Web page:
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With New Governor in Place, Puerto Rico Prays for Peaceful Politics

Archbishop Roberto Octavio Gonzalez Nieves of San Juan, Puerto Rico, is pictured in a late January photo. (Photo: CNS/Wallice J. de la Vega)

With the swearing-in of its third governor in two weeks, the island of Puerto Rico has now been tasked with learning to move forward in the aftermath of #RickyLeaks. 

#RickyLeaks refers to the July 13 publication of 889 pages worth of text by the Puerto Rico Center for Investigative Journalism, in which then-governor Ricardo Rosselló mocked the island, Puerto Rican celebrities, and fellow politicians.

After the chat was leaked, Puerto Ricans around the world took to the streets for 12 straight days worth of protests to speak out against the governor’s rhetoric and call for his resignation. 

“What pressured Governor Rosselló to step down was the result of a build-up of many years of frustration, difficulties, especially corruption within the government,” Archbishop Roberto Octavio González Nieves of San Juan told The Tablet.

“The government was out of touch with the real needs of the people, especially after Hurricane Maria,” he said, describing the leaked chats as the detonator that set off an explosion of frustration, anger and marches. 

On July 19, the Puerto Rico Bishops’ Conference released a statement condemning Rosselló and echoing public urges for him to step down. 

Co-signed by Archbishop Nieves, the statement claimed that principles of democratic governance “were torn apart by the Governor and his collaborators.” Met with the pressure to leave office, Rosselló announced his resignation as governor of Puerto Rico on July 24, effective August 2.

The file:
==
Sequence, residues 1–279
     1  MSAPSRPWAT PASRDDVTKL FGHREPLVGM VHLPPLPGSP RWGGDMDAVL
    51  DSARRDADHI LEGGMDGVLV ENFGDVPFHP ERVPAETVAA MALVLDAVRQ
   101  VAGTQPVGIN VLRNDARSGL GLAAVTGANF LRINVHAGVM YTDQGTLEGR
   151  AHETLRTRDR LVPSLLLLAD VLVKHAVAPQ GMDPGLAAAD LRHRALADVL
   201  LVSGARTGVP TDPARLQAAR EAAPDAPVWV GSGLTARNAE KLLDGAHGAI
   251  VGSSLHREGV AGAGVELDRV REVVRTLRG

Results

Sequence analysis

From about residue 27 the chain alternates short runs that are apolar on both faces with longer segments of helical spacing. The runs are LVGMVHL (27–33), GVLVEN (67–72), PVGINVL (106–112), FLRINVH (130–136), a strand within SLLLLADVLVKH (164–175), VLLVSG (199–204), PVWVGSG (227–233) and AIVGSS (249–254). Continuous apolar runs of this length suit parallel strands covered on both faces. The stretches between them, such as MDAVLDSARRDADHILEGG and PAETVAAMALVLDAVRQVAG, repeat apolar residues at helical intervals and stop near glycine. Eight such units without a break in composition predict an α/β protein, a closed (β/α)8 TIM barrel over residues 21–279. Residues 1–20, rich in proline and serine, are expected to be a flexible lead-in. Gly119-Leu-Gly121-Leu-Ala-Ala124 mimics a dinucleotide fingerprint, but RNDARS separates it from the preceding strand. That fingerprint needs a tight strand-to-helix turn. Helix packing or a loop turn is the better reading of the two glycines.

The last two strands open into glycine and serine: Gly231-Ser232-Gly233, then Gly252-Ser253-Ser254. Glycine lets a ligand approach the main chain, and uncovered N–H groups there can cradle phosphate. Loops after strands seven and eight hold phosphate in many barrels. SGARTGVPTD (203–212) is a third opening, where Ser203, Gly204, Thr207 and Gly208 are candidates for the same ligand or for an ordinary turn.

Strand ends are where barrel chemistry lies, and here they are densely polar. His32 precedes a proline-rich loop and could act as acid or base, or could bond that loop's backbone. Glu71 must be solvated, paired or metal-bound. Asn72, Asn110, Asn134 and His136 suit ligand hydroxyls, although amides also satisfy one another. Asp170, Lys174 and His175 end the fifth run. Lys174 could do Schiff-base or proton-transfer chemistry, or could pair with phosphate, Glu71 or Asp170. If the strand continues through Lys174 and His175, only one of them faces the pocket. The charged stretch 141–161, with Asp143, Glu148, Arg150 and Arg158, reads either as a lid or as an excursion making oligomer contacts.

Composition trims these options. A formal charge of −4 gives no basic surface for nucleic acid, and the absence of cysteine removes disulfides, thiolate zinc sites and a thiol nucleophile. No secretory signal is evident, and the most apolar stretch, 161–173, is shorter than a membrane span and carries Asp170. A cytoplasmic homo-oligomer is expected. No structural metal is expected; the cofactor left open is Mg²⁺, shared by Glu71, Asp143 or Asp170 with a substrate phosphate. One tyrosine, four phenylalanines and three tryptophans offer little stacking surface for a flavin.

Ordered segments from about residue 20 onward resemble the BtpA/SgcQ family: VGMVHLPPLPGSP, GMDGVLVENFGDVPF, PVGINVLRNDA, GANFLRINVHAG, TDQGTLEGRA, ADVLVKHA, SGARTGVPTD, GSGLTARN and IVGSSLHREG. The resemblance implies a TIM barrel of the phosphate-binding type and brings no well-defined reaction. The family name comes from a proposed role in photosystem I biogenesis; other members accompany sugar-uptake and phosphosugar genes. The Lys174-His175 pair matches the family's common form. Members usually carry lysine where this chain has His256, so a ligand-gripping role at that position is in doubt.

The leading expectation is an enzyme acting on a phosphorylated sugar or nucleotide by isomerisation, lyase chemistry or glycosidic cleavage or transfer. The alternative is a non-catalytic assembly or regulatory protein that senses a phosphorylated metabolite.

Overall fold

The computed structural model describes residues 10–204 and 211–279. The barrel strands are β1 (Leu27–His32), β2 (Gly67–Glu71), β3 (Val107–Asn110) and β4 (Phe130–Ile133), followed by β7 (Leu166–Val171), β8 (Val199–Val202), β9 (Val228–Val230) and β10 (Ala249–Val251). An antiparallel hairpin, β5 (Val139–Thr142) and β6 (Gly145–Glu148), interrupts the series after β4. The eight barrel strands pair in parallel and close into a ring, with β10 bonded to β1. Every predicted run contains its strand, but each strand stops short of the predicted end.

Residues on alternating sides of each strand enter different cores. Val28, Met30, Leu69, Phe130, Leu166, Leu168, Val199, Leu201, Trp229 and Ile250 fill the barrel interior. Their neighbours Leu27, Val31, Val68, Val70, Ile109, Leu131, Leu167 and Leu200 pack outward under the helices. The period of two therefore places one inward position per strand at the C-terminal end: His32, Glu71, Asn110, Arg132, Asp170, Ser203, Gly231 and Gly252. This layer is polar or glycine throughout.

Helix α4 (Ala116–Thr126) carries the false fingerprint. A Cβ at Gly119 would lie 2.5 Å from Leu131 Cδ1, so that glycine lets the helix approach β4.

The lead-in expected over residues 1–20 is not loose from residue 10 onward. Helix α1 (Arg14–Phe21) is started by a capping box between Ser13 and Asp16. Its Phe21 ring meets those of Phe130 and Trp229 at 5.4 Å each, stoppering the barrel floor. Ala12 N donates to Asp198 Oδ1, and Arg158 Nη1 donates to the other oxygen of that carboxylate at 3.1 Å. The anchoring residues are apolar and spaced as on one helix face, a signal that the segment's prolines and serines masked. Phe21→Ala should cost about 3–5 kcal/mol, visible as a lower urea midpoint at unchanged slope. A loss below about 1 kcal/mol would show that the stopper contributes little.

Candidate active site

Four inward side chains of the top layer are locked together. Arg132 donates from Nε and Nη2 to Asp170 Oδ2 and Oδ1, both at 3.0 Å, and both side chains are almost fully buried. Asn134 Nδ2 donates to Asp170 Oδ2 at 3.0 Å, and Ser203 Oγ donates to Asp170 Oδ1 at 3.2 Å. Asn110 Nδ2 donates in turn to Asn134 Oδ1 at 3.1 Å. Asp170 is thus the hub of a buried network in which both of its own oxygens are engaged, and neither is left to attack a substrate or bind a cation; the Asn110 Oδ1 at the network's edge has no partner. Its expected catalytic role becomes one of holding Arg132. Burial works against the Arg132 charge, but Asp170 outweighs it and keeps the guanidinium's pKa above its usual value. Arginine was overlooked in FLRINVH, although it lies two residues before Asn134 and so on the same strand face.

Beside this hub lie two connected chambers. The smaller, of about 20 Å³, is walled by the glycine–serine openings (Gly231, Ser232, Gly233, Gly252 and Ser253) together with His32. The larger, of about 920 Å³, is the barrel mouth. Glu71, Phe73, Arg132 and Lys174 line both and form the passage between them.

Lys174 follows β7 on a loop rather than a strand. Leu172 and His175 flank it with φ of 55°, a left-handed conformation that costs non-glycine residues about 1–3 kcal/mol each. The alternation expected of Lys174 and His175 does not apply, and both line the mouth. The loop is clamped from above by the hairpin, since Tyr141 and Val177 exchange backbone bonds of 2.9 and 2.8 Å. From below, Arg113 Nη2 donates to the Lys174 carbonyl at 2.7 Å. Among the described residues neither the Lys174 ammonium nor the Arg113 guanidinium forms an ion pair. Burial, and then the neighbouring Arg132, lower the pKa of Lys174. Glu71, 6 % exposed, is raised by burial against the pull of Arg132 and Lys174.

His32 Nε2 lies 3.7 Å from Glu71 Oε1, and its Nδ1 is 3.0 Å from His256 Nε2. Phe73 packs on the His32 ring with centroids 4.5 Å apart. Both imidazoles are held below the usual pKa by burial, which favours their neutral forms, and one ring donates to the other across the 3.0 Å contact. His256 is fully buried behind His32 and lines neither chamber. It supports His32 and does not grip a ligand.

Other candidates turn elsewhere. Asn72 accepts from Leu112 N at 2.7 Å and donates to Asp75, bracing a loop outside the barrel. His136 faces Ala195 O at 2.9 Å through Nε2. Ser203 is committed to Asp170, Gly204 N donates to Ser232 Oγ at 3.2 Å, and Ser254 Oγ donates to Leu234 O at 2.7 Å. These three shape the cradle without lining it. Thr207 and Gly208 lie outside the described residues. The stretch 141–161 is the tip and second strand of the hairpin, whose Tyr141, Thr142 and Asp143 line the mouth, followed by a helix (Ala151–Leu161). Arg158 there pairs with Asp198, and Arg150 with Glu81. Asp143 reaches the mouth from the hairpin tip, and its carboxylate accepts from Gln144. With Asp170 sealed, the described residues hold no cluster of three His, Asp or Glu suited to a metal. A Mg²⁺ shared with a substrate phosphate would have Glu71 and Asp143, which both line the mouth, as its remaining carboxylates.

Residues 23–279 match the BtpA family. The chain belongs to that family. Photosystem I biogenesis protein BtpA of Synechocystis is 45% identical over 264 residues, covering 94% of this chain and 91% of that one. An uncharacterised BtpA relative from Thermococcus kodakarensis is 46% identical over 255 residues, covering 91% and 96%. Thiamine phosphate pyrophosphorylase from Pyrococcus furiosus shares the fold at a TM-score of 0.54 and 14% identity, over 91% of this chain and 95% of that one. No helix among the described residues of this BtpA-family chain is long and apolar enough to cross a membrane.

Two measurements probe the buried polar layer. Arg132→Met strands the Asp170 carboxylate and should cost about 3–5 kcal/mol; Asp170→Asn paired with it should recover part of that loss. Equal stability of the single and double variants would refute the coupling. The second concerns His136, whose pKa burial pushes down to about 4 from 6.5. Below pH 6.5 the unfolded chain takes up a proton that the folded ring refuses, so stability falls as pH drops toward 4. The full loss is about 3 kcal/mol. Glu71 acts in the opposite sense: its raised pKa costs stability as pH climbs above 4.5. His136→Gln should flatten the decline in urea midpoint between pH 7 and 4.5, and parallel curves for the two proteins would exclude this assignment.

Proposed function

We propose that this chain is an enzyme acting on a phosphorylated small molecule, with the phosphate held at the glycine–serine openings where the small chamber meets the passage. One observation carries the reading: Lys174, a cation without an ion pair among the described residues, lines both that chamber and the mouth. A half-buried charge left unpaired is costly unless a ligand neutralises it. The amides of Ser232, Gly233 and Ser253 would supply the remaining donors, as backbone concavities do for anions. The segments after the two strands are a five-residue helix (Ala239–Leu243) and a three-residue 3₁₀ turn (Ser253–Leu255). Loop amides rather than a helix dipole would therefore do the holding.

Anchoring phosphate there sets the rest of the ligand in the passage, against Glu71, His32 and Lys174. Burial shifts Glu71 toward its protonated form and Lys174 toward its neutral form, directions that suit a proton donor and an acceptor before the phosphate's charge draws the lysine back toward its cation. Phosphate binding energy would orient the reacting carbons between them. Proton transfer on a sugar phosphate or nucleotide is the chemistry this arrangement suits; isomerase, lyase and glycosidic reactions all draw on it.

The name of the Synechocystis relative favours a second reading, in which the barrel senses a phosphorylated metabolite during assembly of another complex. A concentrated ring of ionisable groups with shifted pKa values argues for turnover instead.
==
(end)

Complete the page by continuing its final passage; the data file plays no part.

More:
His administration at the time included Secretary of State of Puerto Rico Pedro Pierluisi, who assumed as governor from August 2 until the territory’s Supreme Court ruled determined his being sworn into office unconstitutional on August 7. As a result, the former Secretary of Justice, Wanda Vázquez, was instituted as governor immediately following Pierluisi’s resignation on that same day. 

“Given the fact the 65 percent of the population is Catholic, that the majority of the people here are settling into this new reality and are generally supportive of her,” Archbishop Nieves said of Vázquez, who in her first month has already met with some of the island’s religious leaders. 

“In all of our parishes, we’ve included petitions for this period of transition. We’ve been praying in all of our parishes and Christian churches, and synagogues here. Praying for a time of peace and stability in Puerto Rico,” he said. 

“She has said some things that no previous governor here, I believe, has said. For example, the governorship doesn’t belong to a political party, but to the people of Puerto Rico. That statement has made waves,” he added.

“I dare say that there’s kind of a new Puerto Rico after these huge, huge protests. There’s kind of a new sense of freedom and a sense of the power of the people,” said Archbishop Nieves. “You can breathe it, and you can sense it in the air.”